If an employee asks for a copy of his or her "personnel file" is the employer obliged to supply all the information held on the employee?
Under the Data Protection Act 1998, an individual is entitled to submit a written request for access to any personal data, ie any information about him or her held in a structured manual file or on computer. The employer, which may charge a fee of up to £10 for this, must comply with such a request by providing the individual with copies of the personal data within 40 calendar days.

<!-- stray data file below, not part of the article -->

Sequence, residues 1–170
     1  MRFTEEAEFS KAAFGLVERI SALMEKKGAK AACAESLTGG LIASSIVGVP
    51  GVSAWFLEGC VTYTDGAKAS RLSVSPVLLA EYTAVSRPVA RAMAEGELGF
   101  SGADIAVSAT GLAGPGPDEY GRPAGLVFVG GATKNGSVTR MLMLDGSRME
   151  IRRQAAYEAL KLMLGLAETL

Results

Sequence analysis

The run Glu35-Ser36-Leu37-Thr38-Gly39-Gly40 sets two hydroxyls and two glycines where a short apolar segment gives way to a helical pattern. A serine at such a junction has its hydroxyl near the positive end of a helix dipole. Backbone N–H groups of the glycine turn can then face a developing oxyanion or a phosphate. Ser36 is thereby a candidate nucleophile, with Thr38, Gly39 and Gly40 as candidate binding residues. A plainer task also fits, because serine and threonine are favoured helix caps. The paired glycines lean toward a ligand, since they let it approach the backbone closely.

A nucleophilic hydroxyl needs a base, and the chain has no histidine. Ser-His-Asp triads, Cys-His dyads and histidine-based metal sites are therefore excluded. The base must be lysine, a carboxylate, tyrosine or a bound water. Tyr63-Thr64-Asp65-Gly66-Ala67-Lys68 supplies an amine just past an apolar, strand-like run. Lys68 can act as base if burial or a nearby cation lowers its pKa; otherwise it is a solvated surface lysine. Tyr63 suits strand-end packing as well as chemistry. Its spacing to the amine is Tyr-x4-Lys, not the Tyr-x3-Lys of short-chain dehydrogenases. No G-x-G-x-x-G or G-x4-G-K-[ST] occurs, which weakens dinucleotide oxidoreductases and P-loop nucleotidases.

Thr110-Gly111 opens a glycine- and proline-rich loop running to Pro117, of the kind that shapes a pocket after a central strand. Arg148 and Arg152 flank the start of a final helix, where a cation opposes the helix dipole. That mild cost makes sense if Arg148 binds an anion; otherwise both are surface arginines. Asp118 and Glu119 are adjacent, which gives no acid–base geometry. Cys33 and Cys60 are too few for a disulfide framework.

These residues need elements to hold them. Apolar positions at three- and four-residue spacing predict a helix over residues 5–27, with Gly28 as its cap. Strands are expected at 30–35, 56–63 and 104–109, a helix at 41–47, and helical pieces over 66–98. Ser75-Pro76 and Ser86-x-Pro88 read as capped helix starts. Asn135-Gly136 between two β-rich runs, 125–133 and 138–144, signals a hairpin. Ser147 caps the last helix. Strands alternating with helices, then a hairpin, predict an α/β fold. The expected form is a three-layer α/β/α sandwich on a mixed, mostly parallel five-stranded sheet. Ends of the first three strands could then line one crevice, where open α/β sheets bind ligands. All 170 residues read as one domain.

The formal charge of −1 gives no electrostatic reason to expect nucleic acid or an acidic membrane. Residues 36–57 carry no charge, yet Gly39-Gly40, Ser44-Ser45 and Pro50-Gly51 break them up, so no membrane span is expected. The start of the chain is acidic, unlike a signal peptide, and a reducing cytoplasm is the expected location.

There are some exceptions to an individual's right of access to personal data. One exception to the employer's duty to disclose personal data is where the information requested is for the purpose of management forecasting or management planning, and where disclosure could prejudice the employer's interests. The other main exception is where disclosure of the information would reveal personal information about a third party who can be identified from the information. In this case, the employer may not automatically refuse to disclose the information. Instead, it should seek either to edit the relevant documents in order to conceal the identity of the third party or, if this is not possible, to seek his or her consent to the disclosure of the information. The employer should also disclose the data if it would be reasonable in all the circumstances to do so without the consent of the third party. What is reasonable will depend on the duty of confidentiality owed to the third party, any steps that the employer has taken to seek his or her consent and whether the third party is capable of giving consent or has expressly refused consent. These principles would apply to any reference held on an employee's personnel file that had been supplied by a previous employer.